"You should not have been trusted ever again with other people’s money."
Finance manager of a charity, Rushna Choudhury, aged, 46, who fraudulently claimed over £170,000 for herself with a scam involving fake invoices has been jailed.
The charity which is based in Islington, London, called Social Interest Group, helps vulnerable people by offering support to other charities who assist people with mental health problems, disability, homelessness and abuse of substances.
Choudhury from Gravesend in Kent created the scheme of fake invoices and swindled the money out of the charity for over a year.
Her trial at Blackfriars crown court provided an insight into the case.
Using a colleague’s login details, Choudhury achieved access to the funds of the charity. She then made 24 bank transfers separately to accounts in her name and of her son.
Choudhury committed the fraud between June 2016 and August 2017 and stole £171,933 from the charity.
This was not the first time Choudhury had committed such a fraud. She had a previous conviction of stealing £77,750 from a housing organisation but was still given this job in good faith.
She said she stole this money to pay off that debt.
It was revealed that the deputy chief of the charity resigned from his post when Choudhury was discovered as the culprit. Especially, because in order to find the culprit, staff members who were innocent but suspected were also suspended by him.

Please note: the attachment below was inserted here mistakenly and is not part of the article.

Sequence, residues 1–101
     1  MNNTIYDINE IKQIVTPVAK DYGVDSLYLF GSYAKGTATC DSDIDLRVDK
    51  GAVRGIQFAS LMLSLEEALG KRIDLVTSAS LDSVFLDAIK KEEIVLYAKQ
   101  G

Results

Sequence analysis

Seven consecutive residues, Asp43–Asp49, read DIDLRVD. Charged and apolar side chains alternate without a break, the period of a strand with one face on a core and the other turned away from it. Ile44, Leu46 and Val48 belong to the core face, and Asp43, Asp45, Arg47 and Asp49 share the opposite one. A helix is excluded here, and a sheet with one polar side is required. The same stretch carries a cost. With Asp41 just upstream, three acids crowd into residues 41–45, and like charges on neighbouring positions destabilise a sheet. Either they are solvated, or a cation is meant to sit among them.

The fraud cost the charity over £300,000.
This included cover staff to do the jobs of those suspended when the investigation took place.
After being identified as the fraudster, police went to arrest the finance manager at her home. The court heard that Choudhury was hiding in her shed and said that she had taken an overdose. Officers found purchases of designer goods at her home.
Her defence lawyer, Susan Wright, said:
“The reality of having to pay that money back and no means, even though given a second chance, meant she became increasingly panicked and saw the only way out was to do what she did before.”
Choudhury pleaded guilty to fraud by abuse of position and was sentenced to four-and-a-half years in prison on May 28, 2019.
Sentencing her Judge Alexander Milne QC told Choudhury that she is “somebody who seeks to manipulate the system”. He added:
“You poisoned the atmosphere and are responsible for the deputy chief executive ending his employment because he felt responsible that under his watch you had been stealing from a charity that helped those in need.”
“You should not have been trusted ever again with other people’s money.
“You defrauded a previous employer. The sentence you received was lenient and you went out rapidly and began doing the same thing again.”